The contract under which Vaughn secured the stock was clearly one for the purchase of preferred stock with a supplemental agreement for the purchase and sale of merchandise and an agreement that either party could terminate the agreement in toto whenever he elected to do so, whereupon it was to be the duty of the corporation to pay Vaughn the par value thereof with accrued interest for his preferred stock. The agreement, so far as we are concerned with it here, is clearly one for the repurchase by the corporation of its stock, and we must consider its legal effect in that aspect.

A contract by a corporation to repurchase its stock is ordinarily void under the law of the state of Washington. Section 3823 of Rem. Comp. Stat., so far as pertinent here, provides: "It shall not be lawful for the trustees to make any dividend except from the net profits arising from the business of the corporation, nor divide, withdraw, or in any way pay to the stockholders, or any of them, any part of the capital stock of the company, nor to reduce the capital stock of the company unless in the manner prescribed in this chapter, or the articles of incorporation or by-laws. * * *"

In Simonds v. Noland, 142 Wash. 423, 426, 253 P. 638, 639, it is said: "* * * It has been often held that such a contract made by a corporation for the repurchase from an original subscriber to its capital stock is against public policy, ultra vires, and unenforceable (Rem. Comp. Stat. § 3823 [P. C. § 4524], as amended by Laws 1923, p. 543, § 2; Kom v. Cody Detective Agency, 76 Wash. 540, 136 P. 1155 [50 L. R. A. (N. S.) 1073]; Duddy-Robinson Co. v. Taylor, 137 Wash. 304, 242 P. 21; State ex rel. Howland v. Olympia Veneer Co., 138 Wash. 144, 244 P. 261)."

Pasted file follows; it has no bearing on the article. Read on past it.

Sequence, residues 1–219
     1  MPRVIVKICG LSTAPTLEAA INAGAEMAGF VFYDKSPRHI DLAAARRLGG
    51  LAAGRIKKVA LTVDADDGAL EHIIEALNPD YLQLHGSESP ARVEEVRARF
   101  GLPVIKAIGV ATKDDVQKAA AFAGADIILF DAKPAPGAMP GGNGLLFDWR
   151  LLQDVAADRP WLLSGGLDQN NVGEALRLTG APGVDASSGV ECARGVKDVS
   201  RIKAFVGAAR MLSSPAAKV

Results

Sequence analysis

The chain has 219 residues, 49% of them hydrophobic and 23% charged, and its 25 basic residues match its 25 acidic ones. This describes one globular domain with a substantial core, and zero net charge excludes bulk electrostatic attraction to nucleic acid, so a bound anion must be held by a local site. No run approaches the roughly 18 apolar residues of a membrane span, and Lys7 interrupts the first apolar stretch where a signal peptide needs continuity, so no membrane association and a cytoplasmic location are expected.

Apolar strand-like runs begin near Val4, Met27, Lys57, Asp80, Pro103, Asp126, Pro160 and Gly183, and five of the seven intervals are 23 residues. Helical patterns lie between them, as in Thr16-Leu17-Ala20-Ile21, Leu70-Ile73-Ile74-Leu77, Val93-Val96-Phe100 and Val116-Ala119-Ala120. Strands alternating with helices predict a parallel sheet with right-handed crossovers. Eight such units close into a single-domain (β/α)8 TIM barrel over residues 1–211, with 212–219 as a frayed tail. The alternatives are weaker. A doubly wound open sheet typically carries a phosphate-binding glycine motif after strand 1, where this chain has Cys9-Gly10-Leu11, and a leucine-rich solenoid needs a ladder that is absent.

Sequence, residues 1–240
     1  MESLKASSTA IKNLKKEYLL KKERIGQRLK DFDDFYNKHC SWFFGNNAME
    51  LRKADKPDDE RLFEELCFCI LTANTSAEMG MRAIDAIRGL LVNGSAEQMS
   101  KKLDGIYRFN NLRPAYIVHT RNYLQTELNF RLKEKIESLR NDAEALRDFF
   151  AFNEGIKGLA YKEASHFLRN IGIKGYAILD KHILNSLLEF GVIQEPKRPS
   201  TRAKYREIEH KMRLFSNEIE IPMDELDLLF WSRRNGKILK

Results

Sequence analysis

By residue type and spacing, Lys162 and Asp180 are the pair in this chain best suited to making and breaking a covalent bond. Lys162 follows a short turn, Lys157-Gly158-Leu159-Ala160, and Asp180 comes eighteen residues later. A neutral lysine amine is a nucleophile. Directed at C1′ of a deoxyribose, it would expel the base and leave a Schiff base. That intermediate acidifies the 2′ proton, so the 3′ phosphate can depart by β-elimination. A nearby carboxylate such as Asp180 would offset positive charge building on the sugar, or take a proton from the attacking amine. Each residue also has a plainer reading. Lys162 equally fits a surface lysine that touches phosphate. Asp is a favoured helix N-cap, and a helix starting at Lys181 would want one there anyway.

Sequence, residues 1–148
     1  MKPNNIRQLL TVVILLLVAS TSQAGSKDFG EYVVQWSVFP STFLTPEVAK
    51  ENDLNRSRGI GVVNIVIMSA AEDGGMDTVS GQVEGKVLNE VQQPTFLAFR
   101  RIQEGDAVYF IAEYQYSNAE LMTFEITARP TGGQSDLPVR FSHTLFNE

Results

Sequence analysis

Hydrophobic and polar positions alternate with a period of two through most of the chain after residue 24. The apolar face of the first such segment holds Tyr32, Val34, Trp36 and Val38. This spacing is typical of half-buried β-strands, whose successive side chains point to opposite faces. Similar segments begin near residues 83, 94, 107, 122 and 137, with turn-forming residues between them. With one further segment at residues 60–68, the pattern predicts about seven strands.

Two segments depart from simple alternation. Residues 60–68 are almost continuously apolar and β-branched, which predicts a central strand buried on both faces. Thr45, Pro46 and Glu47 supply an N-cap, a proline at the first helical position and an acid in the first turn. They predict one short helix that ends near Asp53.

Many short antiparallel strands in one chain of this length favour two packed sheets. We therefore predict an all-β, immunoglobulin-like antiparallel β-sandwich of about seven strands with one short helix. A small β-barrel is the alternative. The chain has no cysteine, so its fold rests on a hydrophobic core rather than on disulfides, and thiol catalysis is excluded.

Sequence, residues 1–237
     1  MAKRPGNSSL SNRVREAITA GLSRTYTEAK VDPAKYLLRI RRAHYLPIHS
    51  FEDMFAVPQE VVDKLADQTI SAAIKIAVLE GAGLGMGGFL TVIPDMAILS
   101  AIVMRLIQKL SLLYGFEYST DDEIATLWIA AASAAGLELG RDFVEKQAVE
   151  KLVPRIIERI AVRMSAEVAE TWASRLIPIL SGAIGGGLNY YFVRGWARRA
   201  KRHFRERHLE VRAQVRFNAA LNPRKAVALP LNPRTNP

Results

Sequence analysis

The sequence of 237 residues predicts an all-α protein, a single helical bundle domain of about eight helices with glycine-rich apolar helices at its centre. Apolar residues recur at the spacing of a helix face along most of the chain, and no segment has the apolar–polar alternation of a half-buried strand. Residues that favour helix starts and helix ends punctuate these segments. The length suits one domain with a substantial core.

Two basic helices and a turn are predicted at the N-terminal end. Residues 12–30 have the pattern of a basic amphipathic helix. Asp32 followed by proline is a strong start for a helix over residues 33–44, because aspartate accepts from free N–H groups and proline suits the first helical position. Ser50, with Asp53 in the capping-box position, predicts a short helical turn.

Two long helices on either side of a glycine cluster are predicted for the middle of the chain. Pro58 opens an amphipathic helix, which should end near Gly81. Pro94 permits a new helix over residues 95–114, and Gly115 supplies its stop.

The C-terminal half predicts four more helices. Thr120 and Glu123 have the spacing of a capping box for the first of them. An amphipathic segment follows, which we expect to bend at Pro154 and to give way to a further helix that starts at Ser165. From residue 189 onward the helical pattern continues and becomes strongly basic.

As affecting the validity of the repurchase of the Vaughn shares, reference is here made to the provisions contained in sections 3812 and 3830, previously quoted herein, which forbid a corporation from calling in or redeeming its preferred stock where to do so would cause the amount of the corporate debts and liabilities to exceed the amount to which the capital would thereby be diminished. Vaughn has not brought himself within either of the exceptions mentioned in the above-quoted decision and statutory provisions. The burden was upon him to show that under the conditions existing at the time of the attempted repurchase or retirement of the shares represented by certificate No. D-569, such retirement was authorized by law. The record does not show, nor does counsel for appellants contend, either that the stock had, before the agreement with Vaughn was entered into, been subscribed and fully paid for and returned to the ownership of the company to be held as stock in the nature of treasury stock; or that the diminution of capital which would have resulted from the repurchase and return of shares previously issued to Vaughn did not cause the amount of Culbertson's debts and liabilities to exceed the amount of the capital so diminished. In the absence of such a showing, the claim of appellant Vaughn for the unpaid balance due upon the uncompleted repurchase of the shares represented by certificate No. D-569 is invalid and unenforceable.

The order of the District Court affirming the decision of the referee rejecting proof of all the claims of the appellants herein is, therefore, affirmed.